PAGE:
2. And besides this, consider repentance and forgiveness as proceeding alike from Christ. He died to purchase them — He is exalted to communicate them. And could this have been the case, unless both of them had been necessary for you? If both of them are thus demonstrated to be necessary for you, upon what principle consistent with duty or with safety can you be contented with only one of them? Are not you, in rejecting the other, doing what you can at once to frustrate the Saviour's sufferings on the Cross, and to dishonour the power which He exercises, the mercy which He manifests, on His throne?

(A. Thomson, D. D.)

I. OFFERED BY HIM — as the Prince and the Saviour.

II. TO BE APPROPRIATED BY US — in repentance and forgiveness of sins.

(K. Gerok.)

Ananias, Gamaliel, Israelites, Judas, Peter, Sapphira, Solomon, Theudas
Jerusalem, Solomon's Portico
Change, Chief, Exalt, Exalted, Forgiveness, Grant, Heart, Leader, Prince, Reformation, Remission, Repentance, Ruler, Savior, Saviour, Sins
1. After that Ananias and Sapphira his wife,
3. at Peter's rebuke had fallen down dead;
12. and that the rest of the apostles had wrought many miracles;
14. to the increase of the faith;
17. the apostles are again imprisoned;
19. but delivered by an angel bidding them preach openly to all;
21. when, after their teaching accordingly in the temple,
29. and before the council,
33. they are in danger to be killed;
34. but through the advice of Gamaliel, they are kept alive, and are only beaten;
41. for which they glorify God, and cease no day from preaching.

Dictionary of Bible Themes
Acts 5:31

     1265   hand of God
     1270   right hand of God
     2018   Christ, divinity
     2051   Christ, majesty of
     2066   Christ, power of
     2069   Christ, pre-eminence
     2203   Christ, titles of
     2324   Christ, as Saviour
     2336   Christ, exaltation
     2423   gospel, essence
     6652   forgiveness
     6734   repentance, importance

Acts 5:17-33

     2426   gospel, responses

Acts 5:17-41

     5919   popularity

Acts 5:27-40

     7757   preaching, effects

Acts 5:29-32

     3278   Holy Spirit, indwelling

Acts 5:30-31

     2560   Christ, resurrection
     5115   Peter, preacher and teacher
     5849   exaltation
     7756   preaching, content
     8738   evil, victory over

Acts 5:30-32

     2424   gospel, promises
     7953   mission, of church

Acts 5:31-32

     1513   Trinity, mission of
     5016   heart, fallen and redeemed
     8498   witnessing, and Holy Spirit

December 28. "The Holy Ghost, whom God Hath Given to them that Obey Him" (Acts v. 32).
"The Holy Ghost, whom God hath given to them that obey Him" (Acts v. 32). We can only know and prove the fulness of the Spirit as we step out into the larger purposes and plans of Christ for the world. Perhaps the chief reason why the Holy Spirit has been so limited in His work in the hearts of Christians, is the shameful neglect of the unsaved and unevangelized world by the great majority of the professed followers of Christ. There are millions of professing Christians--and, perhaps, real Christians--in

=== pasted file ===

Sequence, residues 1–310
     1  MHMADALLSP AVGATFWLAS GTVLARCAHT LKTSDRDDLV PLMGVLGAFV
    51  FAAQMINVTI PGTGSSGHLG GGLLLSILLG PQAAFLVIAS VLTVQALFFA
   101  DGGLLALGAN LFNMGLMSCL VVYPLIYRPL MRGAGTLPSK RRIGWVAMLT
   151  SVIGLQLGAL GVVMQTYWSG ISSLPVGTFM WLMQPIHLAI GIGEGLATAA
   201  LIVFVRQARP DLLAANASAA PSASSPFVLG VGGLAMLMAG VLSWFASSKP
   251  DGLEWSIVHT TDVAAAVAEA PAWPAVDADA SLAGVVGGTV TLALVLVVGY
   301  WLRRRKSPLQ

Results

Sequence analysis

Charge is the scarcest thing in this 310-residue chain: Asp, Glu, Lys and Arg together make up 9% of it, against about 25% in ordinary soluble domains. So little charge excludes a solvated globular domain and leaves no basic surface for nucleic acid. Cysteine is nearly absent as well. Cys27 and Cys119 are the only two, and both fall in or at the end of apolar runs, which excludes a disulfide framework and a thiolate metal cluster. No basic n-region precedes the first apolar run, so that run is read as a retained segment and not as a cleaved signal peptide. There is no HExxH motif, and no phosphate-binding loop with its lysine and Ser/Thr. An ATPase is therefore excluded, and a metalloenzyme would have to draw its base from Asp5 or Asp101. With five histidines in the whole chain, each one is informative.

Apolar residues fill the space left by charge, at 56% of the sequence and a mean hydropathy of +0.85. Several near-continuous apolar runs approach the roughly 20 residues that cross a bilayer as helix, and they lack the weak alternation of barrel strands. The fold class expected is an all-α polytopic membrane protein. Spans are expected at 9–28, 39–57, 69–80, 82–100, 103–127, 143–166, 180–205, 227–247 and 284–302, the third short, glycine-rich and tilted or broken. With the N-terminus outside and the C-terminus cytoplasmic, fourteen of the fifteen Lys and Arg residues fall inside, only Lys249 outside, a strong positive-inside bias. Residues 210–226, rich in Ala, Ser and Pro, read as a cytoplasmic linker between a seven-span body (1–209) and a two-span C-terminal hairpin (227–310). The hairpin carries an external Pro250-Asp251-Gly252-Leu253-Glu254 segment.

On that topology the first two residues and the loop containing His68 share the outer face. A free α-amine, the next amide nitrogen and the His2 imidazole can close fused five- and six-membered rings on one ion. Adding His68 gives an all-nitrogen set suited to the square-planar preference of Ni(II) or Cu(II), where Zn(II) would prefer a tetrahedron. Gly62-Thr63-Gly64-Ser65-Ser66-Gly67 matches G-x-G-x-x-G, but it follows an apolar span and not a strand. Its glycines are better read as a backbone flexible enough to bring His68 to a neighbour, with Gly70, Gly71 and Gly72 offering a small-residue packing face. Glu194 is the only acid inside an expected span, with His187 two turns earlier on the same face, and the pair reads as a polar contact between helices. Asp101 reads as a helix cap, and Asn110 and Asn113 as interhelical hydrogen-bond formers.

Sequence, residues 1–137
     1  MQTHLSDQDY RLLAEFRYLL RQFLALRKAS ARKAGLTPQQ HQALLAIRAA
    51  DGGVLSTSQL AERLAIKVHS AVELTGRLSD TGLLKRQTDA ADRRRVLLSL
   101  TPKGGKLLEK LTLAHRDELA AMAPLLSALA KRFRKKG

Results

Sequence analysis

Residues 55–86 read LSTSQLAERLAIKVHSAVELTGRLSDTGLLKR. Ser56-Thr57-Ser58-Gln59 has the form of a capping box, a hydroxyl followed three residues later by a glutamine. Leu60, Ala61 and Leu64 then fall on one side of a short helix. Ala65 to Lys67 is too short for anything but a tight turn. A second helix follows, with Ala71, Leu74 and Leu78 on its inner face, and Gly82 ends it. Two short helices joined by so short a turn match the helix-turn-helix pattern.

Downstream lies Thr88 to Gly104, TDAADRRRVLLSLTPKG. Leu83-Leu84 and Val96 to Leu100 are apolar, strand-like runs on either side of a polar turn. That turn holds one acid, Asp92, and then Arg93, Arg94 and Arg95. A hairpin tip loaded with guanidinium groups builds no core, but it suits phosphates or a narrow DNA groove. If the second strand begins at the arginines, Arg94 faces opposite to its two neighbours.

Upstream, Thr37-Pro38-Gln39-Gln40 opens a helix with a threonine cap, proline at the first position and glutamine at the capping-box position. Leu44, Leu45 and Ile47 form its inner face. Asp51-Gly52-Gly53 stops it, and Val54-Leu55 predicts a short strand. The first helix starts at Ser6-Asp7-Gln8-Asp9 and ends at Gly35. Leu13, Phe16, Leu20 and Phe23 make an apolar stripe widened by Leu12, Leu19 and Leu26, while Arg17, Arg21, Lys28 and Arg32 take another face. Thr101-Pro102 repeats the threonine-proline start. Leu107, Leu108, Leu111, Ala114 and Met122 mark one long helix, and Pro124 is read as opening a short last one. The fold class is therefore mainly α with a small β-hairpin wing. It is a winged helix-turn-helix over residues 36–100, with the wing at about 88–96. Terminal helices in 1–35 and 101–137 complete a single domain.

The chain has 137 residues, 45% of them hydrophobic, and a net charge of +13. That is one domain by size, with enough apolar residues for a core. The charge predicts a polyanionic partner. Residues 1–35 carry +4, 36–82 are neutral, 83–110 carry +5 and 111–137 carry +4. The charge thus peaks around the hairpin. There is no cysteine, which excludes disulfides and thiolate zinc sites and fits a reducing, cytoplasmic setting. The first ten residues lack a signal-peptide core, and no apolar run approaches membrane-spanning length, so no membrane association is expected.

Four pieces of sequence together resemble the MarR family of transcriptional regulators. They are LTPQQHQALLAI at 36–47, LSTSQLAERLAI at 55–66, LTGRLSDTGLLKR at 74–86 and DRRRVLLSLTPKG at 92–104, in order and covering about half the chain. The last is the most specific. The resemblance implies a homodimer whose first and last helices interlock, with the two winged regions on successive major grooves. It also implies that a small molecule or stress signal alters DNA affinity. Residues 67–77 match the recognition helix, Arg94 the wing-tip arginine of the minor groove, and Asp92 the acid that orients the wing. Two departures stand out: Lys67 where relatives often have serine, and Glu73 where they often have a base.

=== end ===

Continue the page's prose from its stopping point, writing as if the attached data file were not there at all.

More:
Rev. A. B. Simpson—Days of Heaven Upon Earth

Our Captain
'Him hath God exalted with His right hand to be a Prince.' --ACTS v. 31. The word rendered 'Prince' is a rather infrequent designation of our Lord in Scripture. It is only employed in all four times--twice in Peter's earlier sermons recorded in this Book of the Acts; and twice in the Epistle to the Hebrews. In a former discourse of the Apostle's he had spoken of the crime of the Jews in killing 'the Prince of life.' Here he uses the word without any appended epithet. In the Epistle to the Hebrews
Alexander Maclaren—Expositions of Holy Scripture: The Acts

Whom to Obey, --Annas or Angel?
'Then the high priest rose up, and all they that were with him, (which is the sect of the Sadducees,) and were filled with indignation, 18. And laid their hands on the apostles, and put them in the common prison. 19. But the angel of the Lord by night opened the prison doors, and brought them forth, and said, 20. Go, stand and speak in the temple to the people all the words of this life. 21. And when they heard that, they entered into the temple early in the morning, and taught. But the high priest
Alexander Maclaren—Expositions of Holy Scripture: The Acts

Gamaliel's Counsel
'Refrain from these men, and let them alone; for if this counsel or this work be of men, it will come to nought: 39. But if it be of God, ye cannot overthrow it; lest haply ye be found even to fight against God.'--ACTS v. 38, 39. The little that is known of Gamaliel seems to indicate just such a man as would be likely to have given the advice in the text. His was a character which, on its good side and by its admirers, would be described as prudent, wise, cautious and calm, tolerant, opposed to fanaticism
Alexander Maclaren—Expositions of Holy Scripture: The Acts

The Indwelling of the Spirit, the Common Privilege of all Believers
John 7:37-39 -- "In the last day, that great [day] of the feast, Jesus stood and cried, saying, If any man thirst, let him come unto me, and drink. He that believeth on me, as the scripture hath said, out of his belly shall flow rivers of living water. (But this spake he of the Spirit, which they that believe on him should receive." Nothing has rendered the cross of Christ of less effect; nothing has been a greater stumbling-block and rock of offense to weak minds, that a supposition, now current
George Whitefield—Selected Sermons of George Whitefield

On Zeal